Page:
August 2007

Scott Frost - Run The Risk

"This story builds and builds with one excitement following another. "

Lieutenant Alex Delillo is devoted to her job in Los Angeles' Police Department. She is also devoted to her daughter, Lacy, who is very involved in fighting for green issues.

First, Lacy surprises her mother whilst taking part in the final of the Rose Parade Queen. Then Alex's partner is shot and badly injured by a bomb whilst investigating the murder of a florist. These events, surprisingly, turn out to be related and Alex becomes embroiled both in finding the attacker of her partner and in protecting her daughter from a disturbed and clever killer.

The strain on her emotions escalates and it all ends with a tension-packed finale.

This story builds and builds with one excitement following another.

There is a complex and psychologically damaged villain who only emerges, with a chilling power, at the very end.

Frost describes the turmoil in Delillo's mind with great deftness. It is very easy to see this as a film, as the visual images portrayed are clear and the development of the plot is exciting and full of action. There are also several sympathetic and distinct characters who add interest to the story. I particularly liked the character of Harrison who is “volunteered” into being Delillo's partner after the injury to her usual partner. He also has to struggle with his own personal demons to emerge as a stronger character at the end. The psychological insights definitely add to the enjoyment of the book.

Reviewed by: S.D.

CrimeSquad Rating:

David Baldacci - Simple Genius

"…a must-read for serious thriller readers…"

A three-hour drive from Washington, D.C. - two clandestine institutions face each other across a heavily guarded river. One is the world's most unusual laboratory; whose goals and funding are a mystery. The other is an elite CIA training camp, shrouded in secrecy. Now a man and a woman are about to run the gauntlet between these two puzzle factories, straight into a furious struggle to exploit a potentially world-shattering discovery -- and keep some other secrets under wraps forever...

Former Secret Service agents turned private investigators Sean King and Michelle Maxwell have seen their lives splinter around them. Michelle lies unconscious in a hospital bed after a night of suicidal violence. Sean is forced to take on a thankless investigation into the murder of a scientist just inside the CIA's razor-wire fence near Williamsburg, Virginia.

Soon he is uncovering layer upon layer of disinformation designed to shield a stunning world filled with elite mathematicians, physicists, war heroes, spies, and deadly field agents. Amid yet more murder, a seemingly autistic girl's extraordinary genius, and a powerful breakthrough in the realm of classified codes, Sean soon learns enough to put his life at risk. Now, more than ever, he needs Michelle to help him catch a killer, save an innocent life and solve a stunning mystery that threatens the very soul of the nation.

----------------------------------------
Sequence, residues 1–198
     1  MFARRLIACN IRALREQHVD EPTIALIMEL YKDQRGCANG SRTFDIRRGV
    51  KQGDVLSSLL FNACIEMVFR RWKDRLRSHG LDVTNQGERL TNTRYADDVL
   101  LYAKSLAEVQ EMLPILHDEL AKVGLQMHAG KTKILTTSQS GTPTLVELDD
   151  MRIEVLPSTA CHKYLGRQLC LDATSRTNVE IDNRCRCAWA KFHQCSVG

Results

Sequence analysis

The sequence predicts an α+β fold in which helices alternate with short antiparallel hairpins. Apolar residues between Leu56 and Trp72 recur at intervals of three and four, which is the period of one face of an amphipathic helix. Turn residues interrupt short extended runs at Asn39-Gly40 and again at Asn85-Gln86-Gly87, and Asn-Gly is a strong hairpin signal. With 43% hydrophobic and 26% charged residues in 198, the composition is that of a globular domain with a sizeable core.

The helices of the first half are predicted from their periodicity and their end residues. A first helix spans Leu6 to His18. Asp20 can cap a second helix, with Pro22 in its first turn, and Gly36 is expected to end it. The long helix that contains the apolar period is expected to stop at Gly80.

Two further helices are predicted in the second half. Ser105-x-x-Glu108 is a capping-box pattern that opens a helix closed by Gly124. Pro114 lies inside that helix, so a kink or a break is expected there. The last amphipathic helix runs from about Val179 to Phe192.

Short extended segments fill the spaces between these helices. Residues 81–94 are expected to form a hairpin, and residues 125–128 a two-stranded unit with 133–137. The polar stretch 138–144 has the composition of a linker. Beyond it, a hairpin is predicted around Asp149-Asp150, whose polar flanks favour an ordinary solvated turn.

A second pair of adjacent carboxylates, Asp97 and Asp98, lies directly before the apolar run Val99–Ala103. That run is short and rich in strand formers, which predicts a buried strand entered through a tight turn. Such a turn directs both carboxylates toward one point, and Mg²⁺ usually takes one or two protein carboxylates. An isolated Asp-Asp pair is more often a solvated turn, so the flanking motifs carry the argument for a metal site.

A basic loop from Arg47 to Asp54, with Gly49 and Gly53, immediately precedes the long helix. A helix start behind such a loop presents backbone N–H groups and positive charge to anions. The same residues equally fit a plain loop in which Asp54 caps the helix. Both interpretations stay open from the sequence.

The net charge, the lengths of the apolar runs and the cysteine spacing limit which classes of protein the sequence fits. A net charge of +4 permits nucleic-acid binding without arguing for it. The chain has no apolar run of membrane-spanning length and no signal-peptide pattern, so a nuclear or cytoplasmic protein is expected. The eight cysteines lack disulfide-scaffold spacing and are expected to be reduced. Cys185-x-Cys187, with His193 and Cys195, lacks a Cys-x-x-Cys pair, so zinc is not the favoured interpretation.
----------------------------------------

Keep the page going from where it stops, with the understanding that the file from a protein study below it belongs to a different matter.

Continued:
From Michelle's courageous struggle to defeat her long-buried personal demons to a centuries-old secret that surfaces in the heat of the action, Simple Genius pulses with stunning, high-intensity suspense.

Here's one I was unable to put down. It was quite slow to start, and with nearly 500 pages I wasn't sure I would actually persevere… I'm so glad I did!

Just as you thought the 'crime had been solved' another twist was thrown at you and I never knew who was working with who, or against whom.

This was a true thriller, with plenty of action. The book contains a good deal of information about codes and finding hidden treasure, and - if you are into breaking codes - at the back of this book is an unbroken code purportedly giving the location of $20m worth of hidden treasure!

The main story contains a couple of sub-plots with questions that were all answered by the end of the book.

Simple Genius is a must-read for serious thriller readers – and anyone who enjoys a good spy/espionage tale.

Reviewed by: H.A.

CrimeSquad Rating:

Karin Fossum - Black Seconds

"… sensitively written."

Ida Jones, looking forward to her tenth birthday, goes out to buy sweets but doesn't return home Her frantic relatives search for her with other neighbourhood volunteers while her mother, Helga, sits at home desperate to know whether or not she is alive.

Inspector Sejer of the Norwegian Police knows that most missing children turn up alive within 48 hours. When Ida fails to materialise after this time, he is forced to look for a killer, who, statistics tell him, is probably based in the local area, and, most likely, is known to the family.

This is a short, very moving novel about the hunt for a missing girl. The action is kept close to the environment in which the girl lives, adding an intimacy to the story.

Essenatially this is a local tragedy, with local people trying to help one another, with growing suspicion of each other being very well portrayed. Many of the characters in the book are ambivalent, being neither very good nor very bad, which allows the reader to appreciate the complexities of the situation. Although the book will not suit all readers, it is very sensitively written.

Reviewed by: S. W.